I found it incredible that the promise of treatment when sick or injured for every person in the land, the compulsory education of every one of our children, the guarantee of financial support for women to allow them to give birth and raise their child for the first months of its life without seeking employment, the provision that abandoned children are given homes, food, and care, that our fellow citizens who cannot find jobs or are unable to work through sickness or disability are cared for…. all happens for less than one third of our taxes!  That’s a bargain!  Frankly, what are we spending the other two thirds on? I hope it is spent as productively.

But underneath Cameron’s argument lay the truth of this neoliberal paradigm: public money spent on the public is a waste.  Public money should be used to ‘promote the economy’, which means, spent on business, not people.  In essence, the social contract is a burden and not of immense social value in and of itself.

Some might argue that businesses are people, that they are wealth and job creators.  This is also a myth.  The people come first.  People are not just units of labour; but mothers, fathers, carers, and holders of other talents contributable to our society above and beyond their value to a corporation.  This demonstrates that those things which make sound economic sense from point of view of a corporation are not synonymous with those which make economic sense to a society.

So…..what?


We have to quit our addition to Proof by Assertion – the practise of believing a thing simply because it is said repeatedly.  We need to understand, once and for all, that this austerity is not a temporary move whilst we tighten our belts but simply a plundering of public funds by a corporatized government.  We need a new idea.  Before that, we must take the boot from the throat of our disabled, sick, unemployed, neighbours.  We must quit parroting the sound bytes.  We must shake off this bizarre conversation about ‘doing our bit’ for the national good by accepting the relentless lowering of wages, rising of pension age, loss of job security, and other assorted assurances that have kept the worker safe from excessive exploitation in the UK since the efforts of citizens past to win them for us.  The next ten years may well define the next hundred, and it is on us how that plays out.  There is no cavalry coming, we cannot wait for heroes, we are it.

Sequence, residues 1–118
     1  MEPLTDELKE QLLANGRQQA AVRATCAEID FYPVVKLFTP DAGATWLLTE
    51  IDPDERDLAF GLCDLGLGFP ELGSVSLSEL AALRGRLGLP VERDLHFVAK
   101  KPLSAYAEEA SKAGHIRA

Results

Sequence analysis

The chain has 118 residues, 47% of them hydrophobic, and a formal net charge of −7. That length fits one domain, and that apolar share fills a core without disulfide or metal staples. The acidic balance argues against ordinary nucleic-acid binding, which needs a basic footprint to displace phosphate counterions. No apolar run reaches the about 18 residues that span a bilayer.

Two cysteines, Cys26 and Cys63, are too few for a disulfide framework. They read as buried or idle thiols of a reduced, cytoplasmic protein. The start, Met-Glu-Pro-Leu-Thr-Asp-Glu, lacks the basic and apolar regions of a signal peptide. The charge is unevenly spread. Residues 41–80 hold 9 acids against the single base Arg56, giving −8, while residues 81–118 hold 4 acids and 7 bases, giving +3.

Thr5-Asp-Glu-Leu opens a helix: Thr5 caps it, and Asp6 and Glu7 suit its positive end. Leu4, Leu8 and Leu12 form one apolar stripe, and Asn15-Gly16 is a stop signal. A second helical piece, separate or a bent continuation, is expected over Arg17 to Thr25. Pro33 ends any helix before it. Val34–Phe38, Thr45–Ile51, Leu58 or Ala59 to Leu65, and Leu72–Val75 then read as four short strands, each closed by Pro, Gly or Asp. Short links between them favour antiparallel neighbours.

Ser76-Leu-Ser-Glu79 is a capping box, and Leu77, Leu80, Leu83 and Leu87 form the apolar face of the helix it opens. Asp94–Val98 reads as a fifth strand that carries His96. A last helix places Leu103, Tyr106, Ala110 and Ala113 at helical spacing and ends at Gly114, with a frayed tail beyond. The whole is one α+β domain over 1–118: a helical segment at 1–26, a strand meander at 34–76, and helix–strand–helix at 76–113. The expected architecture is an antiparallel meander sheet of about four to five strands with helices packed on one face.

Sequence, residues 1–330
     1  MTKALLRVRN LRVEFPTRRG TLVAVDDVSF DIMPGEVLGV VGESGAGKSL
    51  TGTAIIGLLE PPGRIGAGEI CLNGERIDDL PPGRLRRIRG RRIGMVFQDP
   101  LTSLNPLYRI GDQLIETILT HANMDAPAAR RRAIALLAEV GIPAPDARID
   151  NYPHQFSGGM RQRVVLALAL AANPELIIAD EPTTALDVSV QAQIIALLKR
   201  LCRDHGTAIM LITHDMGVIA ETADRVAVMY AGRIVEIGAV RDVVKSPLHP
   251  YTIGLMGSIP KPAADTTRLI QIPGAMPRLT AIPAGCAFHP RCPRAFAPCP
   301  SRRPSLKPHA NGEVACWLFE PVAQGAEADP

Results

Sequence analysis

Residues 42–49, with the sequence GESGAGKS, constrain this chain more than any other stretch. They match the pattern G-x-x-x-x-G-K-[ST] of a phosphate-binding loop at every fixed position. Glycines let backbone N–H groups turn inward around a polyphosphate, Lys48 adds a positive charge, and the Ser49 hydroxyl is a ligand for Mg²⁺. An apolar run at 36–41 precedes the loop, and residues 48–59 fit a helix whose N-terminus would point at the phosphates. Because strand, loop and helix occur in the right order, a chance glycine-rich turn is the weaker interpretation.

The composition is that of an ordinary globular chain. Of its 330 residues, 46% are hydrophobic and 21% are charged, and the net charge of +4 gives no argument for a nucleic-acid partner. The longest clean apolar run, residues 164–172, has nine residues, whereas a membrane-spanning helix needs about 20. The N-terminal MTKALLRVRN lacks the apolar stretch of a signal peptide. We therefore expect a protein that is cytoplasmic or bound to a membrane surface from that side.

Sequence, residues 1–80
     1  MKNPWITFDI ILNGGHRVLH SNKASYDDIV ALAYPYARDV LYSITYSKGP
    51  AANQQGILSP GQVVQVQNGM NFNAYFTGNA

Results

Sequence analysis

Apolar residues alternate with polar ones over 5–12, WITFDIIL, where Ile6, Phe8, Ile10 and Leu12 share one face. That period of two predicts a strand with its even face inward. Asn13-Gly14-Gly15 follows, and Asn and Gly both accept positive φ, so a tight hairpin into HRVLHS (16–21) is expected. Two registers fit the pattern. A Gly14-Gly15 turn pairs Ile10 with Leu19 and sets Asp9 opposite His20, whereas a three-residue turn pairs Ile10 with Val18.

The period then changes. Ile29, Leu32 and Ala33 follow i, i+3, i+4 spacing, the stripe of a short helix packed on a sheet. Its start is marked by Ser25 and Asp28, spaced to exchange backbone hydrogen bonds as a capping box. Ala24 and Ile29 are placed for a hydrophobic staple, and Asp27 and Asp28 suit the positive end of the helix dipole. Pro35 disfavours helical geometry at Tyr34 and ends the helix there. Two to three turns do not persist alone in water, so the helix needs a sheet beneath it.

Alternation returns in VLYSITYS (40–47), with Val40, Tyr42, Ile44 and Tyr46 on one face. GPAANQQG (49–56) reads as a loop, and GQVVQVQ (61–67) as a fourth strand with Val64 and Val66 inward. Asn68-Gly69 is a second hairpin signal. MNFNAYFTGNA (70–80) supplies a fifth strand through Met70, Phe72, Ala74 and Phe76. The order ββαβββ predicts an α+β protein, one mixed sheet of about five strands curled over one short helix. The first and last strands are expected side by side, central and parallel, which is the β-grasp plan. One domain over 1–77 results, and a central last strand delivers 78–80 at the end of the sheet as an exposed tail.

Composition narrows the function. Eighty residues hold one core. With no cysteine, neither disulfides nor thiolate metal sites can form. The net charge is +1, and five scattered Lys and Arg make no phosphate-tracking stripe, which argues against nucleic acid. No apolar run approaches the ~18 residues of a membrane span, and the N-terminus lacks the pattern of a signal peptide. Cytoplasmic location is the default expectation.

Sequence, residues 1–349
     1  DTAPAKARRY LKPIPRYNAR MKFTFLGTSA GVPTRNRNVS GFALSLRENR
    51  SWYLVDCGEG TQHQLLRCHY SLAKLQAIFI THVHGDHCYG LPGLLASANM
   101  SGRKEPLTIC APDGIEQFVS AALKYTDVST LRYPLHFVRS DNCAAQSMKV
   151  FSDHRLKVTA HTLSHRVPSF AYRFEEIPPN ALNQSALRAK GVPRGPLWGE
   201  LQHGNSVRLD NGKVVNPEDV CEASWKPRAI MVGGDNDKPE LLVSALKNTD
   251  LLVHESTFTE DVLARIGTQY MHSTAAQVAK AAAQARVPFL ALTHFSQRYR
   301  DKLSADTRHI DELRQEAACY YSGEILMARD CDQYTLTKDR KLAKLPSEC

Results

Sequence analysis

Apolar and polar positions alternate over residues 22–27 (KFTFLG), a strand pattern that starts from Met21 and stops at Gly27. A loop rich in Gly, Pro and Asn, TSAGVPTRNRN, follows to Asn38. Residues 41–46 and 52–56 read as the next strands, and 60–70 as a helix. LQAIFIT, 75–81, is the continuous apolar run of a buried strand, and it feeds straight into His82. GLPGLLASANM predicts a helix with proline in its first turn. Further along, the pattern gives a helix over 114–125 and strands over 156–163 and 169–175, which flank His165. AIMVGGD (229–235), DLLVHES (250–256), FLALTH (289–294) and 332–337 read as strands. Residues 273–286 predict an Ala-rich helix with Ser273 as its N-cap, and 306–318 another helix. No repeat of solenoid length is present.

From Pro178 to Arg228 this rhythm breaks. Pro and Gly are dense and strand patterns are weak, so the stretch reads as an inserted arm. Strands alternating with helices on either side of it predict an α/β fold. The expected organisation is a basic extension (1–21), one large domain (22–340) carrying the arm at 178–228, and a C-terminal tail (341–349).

We need to say no, it is not acceptable for 32 people to die a week under duress by the state.  No, it is not acceptable for people’s labour to be compelled by corporations under threat of hunger and homelessness.  No, it is not acceptable for public money to be used to bankroll a zombie economy of capitalist cannibals.  No, it is not acceptable to blame the hardest working people in the land; the ones who teach the children, heal the sick, clean the streets, transport the goods, build the roads – for a economy that is in failure through plunder by the wealth hoarding top 1%.  This political and economic mess, like the ecological mess, cannot and should not be left for our children and their children to deal with.  And all it takes is a little solidarity.

Actions you can take:
Move your Money from the big banks to credit unions
Boycott Workfare - boycott the companies which profit from forced labour.
Find out how you can engage locally and nationally with decision makers, get in touch and encourage your networks to do likewise on issue of importance to you

And finally….just be a part of the broader conversation.  Don’t let this lie transmit via your lips, call people out who make comments which are based on this lie now you are armed with the facts, be brave and own your citizenship.

1 comment:

  1. This is amazing! I agree with all of this, thank you for explaining everything so clearly re the economics side of things - even I - a maths struggling English teacher can understand the finer points of what I vaguely knew was happening. Another victory in the war. Posted by Annikki Devine ( real name)

    ReplyDelete